• there’s no harm on having stories in the backlog specifically tailored to solve technical problems, as long as the points raised above are clear in the story.
Leading agile teams - Mike Griffith

This was a 90mins workshop for agile leaders aiming to learn leadership techniques. The speaker took the audience to a journey where all the aspects of leadership were analysed, especially those revolving around the team leadership.
One of the most important points raised was the importance of maintaining vision of what the team is building and why.
The speaker suggests using the “the product box” technique. The team is supposed to come up with a cardboard box (possibly to be available in the office) representing the product with a name, a logo and its main features. The intent is to maintain focus on what the team is building by means of a real physical object.
Techniques aside, the main learning point on this was that vision is so important that job of the leader is to make sure that it’s consistently updated and propagated to the team regularly.
It was also stressed the difference between managing and leading (the latter being build on the former) and – interestingly – the job of the leader is to build a team that eventually behaves like the “Orpheus orchestra” – which plays without a designated “Maestro” or like the Canadian geese, who make of self organisation and team work a matter of life and death.
For more information on the subject see and

Memorable mention for

Wednesday, 20 August 2008

RestFixture is now available

I have made the RestFixture (discussed in this post) available on GitHub here:

You can get it, use it and modify it under LGPL terms.

Feedback is more than welcome, of course.

Sunday, 10 August 2008

Agile 2008 - part 1

Oh yes, Agile 2008... here I am, just landed from Toronto. I am just reshaping my notes. I'll be writing (as I have also done in the past) my comments on the sessions I have attended and presented, and about old friends I have talked to (Rick, Rachel, Angela, JB, Steve) and new people I have met. Stay tuned.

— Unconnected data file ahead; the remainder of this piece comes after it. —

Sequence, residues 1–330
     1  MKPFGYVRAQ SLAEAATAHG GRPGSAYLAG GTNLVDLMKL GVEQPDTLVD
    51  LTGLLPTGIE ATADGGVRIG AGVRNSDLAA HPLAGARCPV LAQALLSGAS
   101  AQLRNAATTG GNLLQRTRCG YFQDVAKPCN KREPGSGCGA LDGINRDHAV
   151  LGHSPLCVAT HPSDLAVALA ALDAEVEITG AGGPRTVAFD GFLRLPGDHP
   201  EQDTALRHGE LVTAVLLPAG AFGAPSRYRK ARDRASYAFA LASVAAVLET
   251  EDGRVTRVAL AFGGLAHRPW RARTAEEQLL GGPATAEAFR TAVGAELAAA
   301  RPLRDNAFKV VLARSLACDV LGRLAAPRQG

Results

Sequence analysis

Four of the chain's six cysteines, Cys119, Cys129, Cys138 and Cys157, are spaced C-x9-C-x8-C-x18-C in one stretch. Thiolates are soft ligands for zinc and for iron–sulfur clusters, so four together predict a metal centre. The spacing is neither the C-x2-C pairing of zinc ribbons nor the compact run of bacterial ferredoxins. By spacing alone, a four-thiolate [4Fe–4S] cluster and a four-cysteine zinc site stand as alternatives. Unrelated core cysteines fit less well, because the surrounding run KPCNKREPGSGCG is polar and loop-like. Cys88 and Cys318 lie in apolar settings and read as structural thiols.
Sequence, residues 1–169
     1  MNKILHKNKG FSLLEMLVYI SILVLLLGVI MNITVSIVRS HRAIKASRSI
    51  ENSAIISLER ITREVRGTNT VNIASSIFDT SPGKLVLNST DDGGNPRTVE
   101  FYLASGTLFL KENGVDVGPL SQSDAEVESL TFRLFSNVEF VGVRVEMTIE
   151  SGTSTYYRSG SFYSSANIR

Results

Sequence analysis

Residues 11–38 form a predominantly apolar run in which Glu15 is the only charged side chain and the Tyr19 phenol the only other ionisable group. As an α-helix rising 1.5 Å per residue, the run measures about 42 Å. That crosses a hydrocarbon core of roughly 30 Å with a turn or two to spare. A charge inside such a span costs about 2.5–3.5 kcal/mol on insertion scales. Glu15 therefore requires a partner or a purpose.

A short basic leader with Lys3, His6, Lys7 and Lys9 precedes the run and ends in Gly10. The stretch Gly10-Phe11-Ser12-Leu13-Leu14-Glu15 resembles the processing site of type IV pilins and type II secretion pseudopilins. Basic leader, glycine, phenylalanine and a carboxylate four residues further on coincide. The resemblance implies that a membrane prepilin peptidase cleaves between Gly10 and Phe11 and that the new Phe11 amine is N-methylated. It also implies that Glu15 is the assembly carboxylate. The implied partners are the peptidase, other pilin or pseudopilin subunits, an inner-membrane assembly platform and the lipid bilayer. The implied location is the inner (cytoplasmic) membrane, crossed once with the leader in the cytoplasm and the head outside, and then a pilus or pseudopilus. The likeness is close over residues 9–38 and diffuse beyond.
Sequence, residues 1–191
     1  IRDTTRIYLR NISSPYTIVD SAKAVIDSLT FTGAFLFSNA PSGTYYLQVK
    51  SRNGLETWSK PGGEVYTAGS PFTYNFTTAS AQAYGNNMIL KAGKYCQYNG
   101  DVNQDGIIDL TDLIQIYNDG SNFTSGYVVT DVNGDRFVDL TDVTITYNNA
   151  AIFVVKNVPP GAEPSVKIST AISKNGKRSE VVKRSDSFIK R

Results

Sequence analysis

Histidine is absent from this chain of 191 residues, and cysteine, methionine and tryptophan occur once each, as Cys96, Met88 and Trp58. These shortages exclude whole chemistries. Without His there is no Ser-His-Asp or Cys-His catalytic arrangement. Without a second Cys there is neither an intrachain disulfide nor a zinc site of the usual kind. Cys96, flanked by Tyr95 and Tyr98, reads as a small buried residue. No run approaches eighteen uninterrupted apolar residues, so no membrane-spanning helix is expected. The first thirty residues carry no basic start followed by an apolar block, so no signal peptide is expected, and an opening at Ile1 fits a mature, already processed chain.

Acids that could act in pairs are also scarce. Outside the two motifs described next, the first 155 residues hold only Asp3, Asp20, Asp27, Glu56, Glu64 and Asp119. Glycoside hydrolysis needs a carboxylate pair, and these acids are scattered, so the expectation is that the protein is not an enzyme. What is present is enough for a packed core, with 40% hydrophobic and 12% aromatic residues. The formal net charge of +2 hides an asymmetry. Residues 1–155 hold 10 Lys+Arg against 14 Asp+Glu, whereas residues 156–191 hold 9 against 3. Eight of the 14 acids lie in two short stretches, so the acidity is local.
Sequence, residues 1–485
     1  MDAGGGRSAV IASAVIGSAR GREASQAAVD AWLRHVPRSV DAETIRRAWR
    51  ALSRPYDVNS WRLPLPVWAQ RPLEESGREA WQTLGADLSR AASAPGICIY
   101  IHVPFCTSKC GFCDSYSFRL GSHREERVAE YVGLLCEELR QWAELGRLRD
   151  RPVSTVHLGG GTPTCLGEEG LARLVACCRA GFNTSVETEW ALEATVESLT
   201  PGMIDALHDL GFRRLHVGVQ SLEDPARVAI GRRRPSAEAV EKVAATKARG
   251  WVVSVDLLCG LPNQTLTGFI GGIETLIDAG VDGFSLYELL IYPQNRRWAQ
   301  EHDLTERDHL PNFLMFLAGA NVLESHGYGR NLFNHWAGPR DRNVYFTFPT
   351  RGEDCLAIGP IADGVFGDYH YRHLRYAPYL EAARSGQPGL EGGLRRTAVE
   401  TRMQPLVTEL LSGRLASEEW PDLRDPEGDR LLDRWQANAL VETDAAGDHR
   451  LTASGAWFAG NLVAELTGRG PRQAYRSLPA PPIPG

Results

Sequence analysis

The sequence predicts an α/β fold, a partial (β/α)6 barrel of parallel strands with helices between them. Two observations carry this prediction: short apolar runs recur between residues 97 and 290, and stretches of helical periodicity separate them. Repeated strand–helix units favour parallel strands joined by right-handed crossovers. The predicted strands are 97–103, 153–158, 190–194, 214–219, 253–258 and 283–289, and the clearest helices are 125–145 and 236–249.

Saturday, 2 August 2008

Get FitNesse with some Rest

UPDATE: code moved here:

UPDATE II: Thank you to Steven Haines for the clear and concise Howto giude on the RestFixture.

I am currently involved in building a REST API. Our direct customer proxy (the architecture team) needs to "understand" how we implement the agreed acceptance criteria and it has also asked to document the API.
FitNesse is our tool of choice for writing functional Customer Acceptance Tests; we currently use it to implement this type of tests for other parts of the system we're building. So it came natural to start using it for documenting the API.

At first we implemented the tests using essentially ActionFixtures. The approach adopted consisted of "wrapping" the REST API in more descriptive metods that could be pressed, checked and entered.

After the first dozen of tests it was apparent that this approach was not ideal. Tests were not clear enough and maintaining the fixtures was hard and time consuming as the amount of code duplication was high for any standard. New tests required us writing more code and, in fact, we were testing just the behaviour of the backend without giving enough exposure to the API itself - consequently, our tests were not descriptive enough to work as live documentation.

So I decided to write a new "type" of fixture, inspired by the ActionFixture, the RestFixture.